Charles Krauthammer – you know him as the acerbic, neoconservative, pro-Israel columnist for the Washington Post and other newspapers – has another side. According to this interview in the Jerusalem Post, he and his wife have “started to try to revive and preserve Jewish music that has been lost to the masses” with a program called “Pro Musica Hebraica.”
In the course of a lengthy interview, which traced his Orthodox childhood, Krauthammer mentioned Rabbi Prof. David Hartman, and how he had an early and lasting influence on him:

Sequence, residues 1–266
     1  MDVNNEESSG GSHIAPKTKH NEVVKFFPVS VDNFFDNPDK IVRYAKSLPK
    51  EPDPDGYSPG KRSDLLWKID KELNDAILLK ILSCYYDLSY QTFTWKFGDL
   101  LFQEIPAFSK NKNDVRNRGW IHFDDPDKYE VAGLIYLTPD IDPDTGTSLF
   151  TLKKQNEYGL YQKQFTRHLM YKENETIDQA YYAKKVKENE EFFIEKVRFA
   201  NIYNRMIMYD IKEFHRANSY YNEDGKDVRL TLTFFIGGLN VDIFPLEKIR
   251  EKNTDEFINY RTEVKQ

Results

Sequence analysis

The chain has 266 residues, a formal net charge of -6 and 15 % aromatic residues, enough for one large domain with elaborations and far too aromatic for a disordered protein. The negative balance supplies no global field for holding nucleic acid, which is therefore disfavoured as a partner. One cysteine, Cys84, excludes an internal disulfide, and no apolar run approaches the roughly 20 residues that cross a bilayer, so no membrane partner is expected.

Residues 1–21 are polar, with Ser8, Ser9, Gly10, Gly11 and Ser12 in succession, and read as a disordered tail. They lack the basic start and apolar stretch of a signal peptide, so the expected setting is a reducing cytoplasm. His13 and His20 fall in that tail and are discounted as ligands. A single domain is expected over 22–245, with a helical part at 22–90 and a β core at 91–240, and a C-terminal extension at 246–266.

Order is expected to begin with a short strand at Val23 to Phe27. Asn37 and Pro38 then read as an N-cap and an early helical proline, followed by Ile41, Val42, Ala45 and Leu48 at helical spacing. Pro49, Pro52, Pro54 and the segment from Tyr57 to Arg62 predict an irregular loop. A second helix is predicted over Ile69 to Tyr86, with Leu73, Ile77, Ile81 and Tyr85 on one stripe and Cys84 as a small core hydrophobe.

Rabbi David Hartman, who runs the Hartman Institute [in Jerusalem], was actually at McGill the years I was a student there, and I took his courses on Maimonides. That had a big influence on me in the sense that I was going away from my Jewish upbringing, thinking of it as narrow and parochial, and when I was introduced to Maimonides, it was just sort of at the highest level of world philosophy, Aristotelian philosophy applied to Judaism. I realized that Jewish culture was not just not a Sunday afternoon lecture. It belonged with a great secular culture that I admired as a student. So that kind of reinforced my Jewishness even as I became irreligious.